But I am not Ernest Hemingway. I don't want to sacrifice all my relationships while I tap a vein and bleed all over my typewriter. I'd rather write a novel in (let's just estimate here) a year instead of one month and keep my husband as well, thank you very much.

I'll spare you most of my other excuses since they involve glitter, glue guns and binge-watching Gilmore Girls on Netflix when my characters refuse to talk to me. (Who can blame them? I leave them in very stressful situations while I take my daughter to the orthodontist and such.) I may love my excuses, but I don't let them, you know, excuse me from what I know I need to do when faced with failure.

So, starting now, I plan to square my shoulders, put on my Pollyanna smile and do the following to get over this NaNoWriMo set back:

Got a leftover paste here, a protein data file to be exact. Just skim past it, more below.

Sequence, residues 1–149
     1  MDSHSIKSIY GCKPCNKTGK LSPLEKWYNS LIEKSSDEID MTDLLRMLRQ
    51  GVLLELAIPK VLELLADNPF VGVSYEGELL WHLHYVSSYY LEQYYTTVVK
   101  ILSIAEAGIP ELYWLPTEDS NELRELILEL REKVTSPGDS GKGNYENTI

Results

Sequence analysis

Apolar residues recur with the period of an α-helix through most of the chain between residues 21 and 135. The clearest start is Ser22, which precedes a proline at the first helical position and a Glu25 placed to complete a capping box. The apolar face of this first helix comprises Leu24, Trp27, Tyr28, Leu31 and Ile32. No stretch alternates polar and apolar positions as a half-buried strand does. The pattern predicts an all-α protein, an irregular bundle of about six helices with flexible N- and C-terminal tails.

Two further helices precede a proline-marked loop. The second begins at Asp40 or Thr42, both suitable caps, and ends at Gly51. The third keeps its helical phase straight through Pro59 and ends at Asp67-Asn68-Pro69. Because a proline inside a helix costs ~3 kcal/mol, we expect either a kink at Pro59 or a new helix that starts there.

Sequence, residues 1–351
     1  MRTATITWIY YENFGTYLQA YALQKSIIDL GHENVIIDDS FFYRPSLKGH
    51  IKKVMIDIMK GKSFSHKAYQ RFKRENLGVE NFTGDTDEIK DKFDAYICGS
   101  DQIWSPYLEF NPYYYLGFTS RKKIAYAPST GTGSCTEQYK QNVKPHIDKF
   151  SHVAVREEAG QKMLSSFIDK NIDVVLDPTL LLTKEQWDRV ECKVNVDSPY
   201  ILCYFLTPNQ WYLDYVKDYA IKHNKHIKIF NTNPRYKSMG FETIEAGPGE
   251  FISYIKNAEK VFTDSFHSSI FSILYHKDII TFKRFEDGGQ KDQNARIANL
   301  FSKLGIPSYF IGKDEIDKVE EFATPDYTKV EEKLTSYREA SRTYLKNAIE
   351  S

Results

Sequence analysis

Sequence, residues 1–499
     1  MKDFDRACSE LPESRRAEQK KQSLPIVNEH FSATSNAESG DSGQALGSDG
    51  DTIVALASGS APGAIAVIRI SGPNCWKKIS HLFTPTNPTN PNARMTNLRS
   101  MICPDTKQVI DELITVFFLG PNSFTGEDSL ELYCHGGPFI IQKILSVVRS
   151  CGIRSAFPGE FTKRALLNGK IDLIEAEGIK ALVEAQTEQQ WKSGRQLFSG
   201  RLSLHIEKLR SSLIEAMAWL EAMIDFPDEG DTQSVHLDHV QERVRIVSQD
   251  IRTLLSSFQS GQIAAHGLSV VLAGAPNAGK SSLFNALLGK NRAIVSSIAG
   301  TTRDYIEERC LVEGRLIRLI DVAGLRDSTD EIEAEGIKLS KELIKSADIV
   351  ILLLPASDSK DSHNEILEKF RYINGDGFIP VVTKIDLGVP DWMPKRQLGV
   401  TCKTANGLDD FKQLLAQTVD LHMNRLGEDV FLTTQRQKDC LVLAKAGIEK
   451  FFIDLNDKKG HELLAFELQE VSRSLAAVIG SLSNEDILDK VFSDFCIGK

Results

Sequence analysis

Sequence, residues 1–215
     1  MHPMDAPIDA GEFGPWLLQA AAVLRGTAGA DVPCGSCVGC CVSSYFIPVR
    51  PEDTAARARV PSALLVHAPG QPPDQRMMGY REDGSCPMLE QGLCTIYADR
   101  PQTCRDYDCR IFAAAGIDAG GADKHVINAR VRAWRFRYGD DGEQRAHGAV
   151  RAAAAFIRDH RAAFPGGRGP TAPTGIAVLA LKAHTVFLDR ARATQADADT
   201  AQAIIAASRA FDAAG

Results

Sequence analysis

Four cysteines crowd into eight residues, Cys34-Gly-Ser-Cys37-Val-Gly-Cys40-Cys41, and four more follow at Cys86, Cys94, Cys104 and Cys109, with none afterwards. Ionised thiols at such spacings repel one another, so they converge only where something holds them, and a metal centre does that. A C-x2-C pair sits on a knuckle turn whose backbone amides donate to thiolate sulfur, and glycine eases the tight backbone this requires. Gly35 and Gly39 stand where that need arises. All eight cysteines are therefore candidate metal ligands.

1. Review my excuses for any traces of legitimacy

That's right. Because, guess what? November is never going to be a good month for me to write 50,000 words. Maybe it's better for me to analyze my year more realistically. Keep writing every day, but understand that some months are not going to be as productive as others. That doesn't mean I'll throw in the towel next November. Maybe I can use NaNoWriMo 2017 to...

2. Do other writerly things

Sometimes I write slowly because I'm not as well organized as I could be. If I don't have time to get much solid writing done during November, I can still continue working on my outline or sketch some deeper backstories for my characters. I can get some research done, cull my notes, narrow some plot paths and keep the momentum going. I can't afford to let a looming sense of failure to grind my productivity to a screeching halt. That means I need to continue to...

3. Assess my writing patterns for strengths and weaknesses